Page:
Between 868 and 880 Bishop Swithulf was consecrated Bishop of Rochester.
Between 893 and 896 Bishop Swithulf died.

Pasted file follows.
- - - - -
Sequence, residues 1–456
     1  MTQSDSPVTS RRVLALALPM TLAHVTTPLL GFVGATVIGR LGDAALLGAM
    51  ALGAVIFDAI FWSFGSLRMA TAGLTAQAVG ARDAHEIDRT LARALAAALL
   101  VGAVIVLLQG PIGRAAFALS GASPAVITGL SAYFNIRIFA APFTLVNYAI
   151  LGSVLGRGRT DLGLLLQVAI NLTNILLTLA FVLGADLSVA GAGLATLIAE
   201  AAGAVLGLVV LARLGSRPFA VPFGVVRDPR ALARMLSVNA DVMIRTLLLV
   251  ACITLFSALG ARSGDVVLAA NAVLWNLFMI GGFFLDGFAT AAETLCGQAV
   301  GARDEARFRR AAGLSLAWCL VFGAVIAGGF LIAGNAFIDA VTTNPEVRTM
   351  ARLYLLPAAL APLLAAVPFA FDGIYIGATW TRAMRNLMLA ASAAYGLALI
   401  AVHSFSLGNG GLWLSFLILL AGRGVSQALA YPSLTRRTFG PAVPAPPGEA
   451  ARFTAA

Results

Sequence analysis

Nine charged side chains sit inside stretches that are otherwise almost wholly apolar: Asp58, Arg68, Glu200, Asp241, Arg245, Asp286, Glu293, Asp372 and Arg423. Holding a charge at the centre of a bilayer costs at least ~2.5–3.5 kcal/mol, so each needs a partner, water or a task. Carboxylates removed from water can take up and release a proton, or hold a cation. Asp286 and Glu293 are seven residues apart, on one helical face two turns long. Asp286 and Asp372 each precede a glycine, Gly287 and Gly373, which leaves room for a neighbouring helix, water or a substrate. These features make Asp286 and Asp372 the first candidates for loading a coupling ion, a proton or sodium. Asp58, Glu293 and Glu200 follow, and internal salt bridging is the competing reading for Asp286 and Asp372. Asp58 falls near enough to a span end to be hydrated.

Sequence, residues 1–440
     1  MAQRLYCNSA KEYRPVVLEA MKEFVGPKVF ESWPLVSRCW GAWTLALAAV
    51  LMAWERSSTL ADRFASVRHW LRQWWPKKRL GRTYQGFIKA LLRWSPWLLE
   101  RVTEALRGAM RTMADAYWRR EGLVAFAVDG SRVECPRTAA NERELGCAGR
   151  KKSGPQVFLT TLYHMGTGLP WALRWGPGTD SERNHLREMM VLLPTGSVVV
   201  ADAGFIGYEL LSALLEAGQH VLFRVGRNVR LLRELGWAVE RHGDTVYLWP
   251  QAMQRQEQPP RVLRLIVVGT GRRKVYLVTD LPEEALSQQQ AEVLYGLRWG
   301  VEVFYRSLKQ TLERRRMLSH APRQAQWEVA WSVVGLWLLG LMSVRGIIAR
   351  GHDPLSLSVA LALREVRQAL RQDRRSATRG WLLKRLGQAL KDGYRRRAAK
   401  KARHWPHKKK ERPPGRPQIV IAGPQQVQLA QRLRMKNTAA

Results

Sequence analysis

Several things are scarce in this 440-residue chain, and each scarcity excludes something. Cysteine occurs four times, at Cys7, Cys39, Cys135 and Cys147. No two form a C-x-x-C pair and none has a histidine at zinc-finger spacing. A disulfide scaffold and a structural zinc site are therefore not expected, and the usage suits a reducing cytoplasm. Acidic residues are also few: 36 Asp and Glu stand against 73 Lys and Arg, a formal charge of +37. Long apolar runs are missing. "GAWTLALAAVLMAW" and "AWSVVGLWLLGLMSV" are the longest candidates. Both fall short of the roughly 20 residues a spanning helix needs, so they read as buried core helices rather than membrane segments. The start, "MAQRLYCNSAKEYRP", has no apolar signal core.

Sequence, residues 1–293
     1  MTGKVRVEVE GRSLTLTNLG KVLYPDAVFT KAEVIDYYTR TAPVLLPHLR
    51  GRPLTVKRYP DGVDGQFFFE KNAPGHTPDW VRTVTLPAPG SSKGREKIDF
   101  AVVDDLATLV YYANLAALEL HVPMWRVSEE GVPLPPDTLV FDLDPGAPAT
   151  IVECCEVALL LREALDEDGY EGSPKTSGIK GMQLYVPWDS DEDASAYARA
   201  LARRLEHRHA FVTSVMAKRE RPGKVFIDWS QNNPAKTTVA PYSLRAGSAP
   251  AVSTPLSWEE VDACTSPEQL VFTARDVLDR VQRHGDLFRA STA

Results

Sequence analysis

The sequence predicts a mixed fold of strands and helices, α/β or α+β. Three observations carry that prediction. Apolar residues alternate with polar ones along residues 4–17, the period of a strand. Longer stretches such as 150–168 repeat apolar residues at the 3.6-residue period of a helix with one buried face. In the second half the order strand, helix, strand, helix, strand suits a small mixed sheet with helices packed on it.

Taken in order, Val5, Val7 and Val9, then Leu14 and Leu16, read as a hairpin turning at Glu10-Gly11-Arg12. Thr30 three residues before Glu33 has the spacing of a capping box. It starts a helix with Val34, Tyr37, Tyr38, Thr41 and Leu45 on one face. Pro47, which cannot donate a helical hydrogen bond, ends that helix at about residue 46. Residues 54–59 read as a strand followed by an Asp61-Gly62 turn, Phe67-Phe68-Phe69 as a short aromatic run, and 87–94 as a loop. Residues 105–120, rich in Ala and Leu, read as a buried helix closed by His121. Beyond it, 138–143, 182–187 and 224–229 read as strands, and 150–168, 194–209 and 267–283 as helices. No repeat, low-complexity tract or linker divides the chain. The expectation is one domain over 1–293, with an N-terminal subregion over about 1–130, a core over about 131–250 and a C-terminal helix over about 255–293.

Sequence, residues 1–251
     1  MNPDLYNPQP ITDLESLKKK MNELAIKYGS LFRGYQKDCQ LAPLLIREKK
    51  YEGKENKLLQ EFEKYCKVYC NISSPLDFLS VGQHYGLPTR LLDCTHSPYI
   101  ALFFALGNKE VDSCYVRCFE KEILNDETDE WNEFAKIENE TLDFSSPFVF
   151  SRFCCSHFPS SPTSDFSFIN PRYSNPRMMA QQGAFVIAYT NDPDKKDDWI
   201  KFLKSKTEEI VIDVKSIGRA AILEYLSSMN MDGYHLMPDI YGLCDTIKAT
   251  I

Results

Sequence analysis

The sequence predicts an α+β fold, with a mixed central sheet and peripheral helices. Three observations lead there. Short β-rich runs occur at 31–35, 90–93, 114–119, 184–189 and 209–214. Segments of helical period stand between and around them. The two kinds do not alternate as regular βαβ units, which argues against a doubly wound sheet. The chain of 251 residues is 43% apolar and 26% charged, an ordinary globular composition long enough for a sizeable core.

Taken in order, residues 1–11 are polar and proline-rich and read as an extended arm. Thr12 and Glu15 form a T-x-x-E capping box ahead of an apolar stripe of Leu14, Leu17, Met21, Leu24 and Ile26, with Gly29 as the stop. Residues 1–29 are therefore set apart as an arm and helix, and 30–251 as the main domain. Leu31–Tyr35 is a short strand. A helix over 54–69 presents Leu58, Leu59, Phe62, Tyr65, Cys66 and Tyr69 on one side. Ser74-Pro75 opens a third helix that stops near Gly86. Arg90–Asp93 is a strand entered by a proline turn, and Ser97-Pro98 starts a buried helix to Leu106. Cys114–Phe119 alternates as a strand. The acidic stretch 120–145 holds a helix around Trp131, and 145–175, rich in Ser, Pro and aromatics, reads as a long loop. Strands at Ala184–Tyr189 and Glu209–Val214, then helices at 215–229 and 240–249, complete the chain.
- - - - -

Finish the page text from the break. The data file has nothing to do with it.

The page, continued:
Anglo-Saxon Chronicle. 897. In the summer of this year went the army, some into East-Anglia, and some into Northumbria; and those that were penniless got themselves ships, and went south over sea to the Seine. The enemy had not, thank God, entirely destroyed the English nation; but they were much more weakened in these three years by the disease of cattle, and most of all of men; so that many of the mightiest of the king's thanes, that were in the land, died within the three years. Of these, one was Swithulf Bishop of Rochester, Ceolmund alderman in Kent, Bertulf alderman in Essex, Wulfred alderman in Hampshire, Elhard Bishop of Dorchester, Eadulf a king's thane in Sussex, Bernuff governor of Winchester, and Egulf the king's horse-thane; and many also with them; though I have named only the men of the highest rank. This same year the plunderers in East-Anglia and Northumbria greatly harassed the land of the West-Saxons by piracies on the southern coast, but most of all by the esks which they built many years before. Then King Alfred (age 48) gave orders for building long ships against the esks, which were full-nigh twice as long as the others. Some had sixty oars, some more; and they were both swifter and steadier, and also higher than the others. They were not shaped either after the Frisian or the Danish model, but so as he himself thought that they might be most serviceable. Then, at a certain turn of this same year, came six of their ships to the Isle of Wight; and going into Devonshire, they did much mischief both there and everywhere on the seacoast. Then commanded the king his men to go out against them with nine of the new ships, and prevent their escape by the mouth of the river to the outer sea. Then came they out against them with three ships, and three others were standing upwards above the mouth on dry land: for the men were gone off upon shore. Of the first three ships they took two at the mouth outwards, and slew the men; the third veered off, but all the men were slain except five; and they too were severely wounded. Then came onward those who manned the other ships, which were also very uneasily situated. Three were stationed on that side of the deep where the Danish ships were aground, whilst the others were all on the opposite side; so that none of them could join the rest; for the water had ebbed many furlongs from them. Then went the Danes from their three ships to those other three that were on their side, be-ebbed; and there they then fought. There were slain Lucomon, the king's reve, and Wulfheard, a Frieslander; Ebb, a Frieslander, and Ethelere, a Frieslander; and Ethelferth, the king's neat-herd; and of all the men, Frieslanders and English, sixty-two; of the Danes a hundred and twenty. The tide, however, reached the Danish ships ere the Christians could shove theirs out; whereupon they rowed them out; but they were so crippled, that they could not row them beyond the coast of Sussex: there two of them the sea drove ashore; and the crew were led to Winchester to the king, who ordered them to be hanged. The men who escaped in the single ship came to East-Anglia, severely wounded. This same year were lost no less than twenty ships, and the men withal, on the southern coast. Wulfric, the king's horse-thane, who was also viceroy of Wales, died the same year.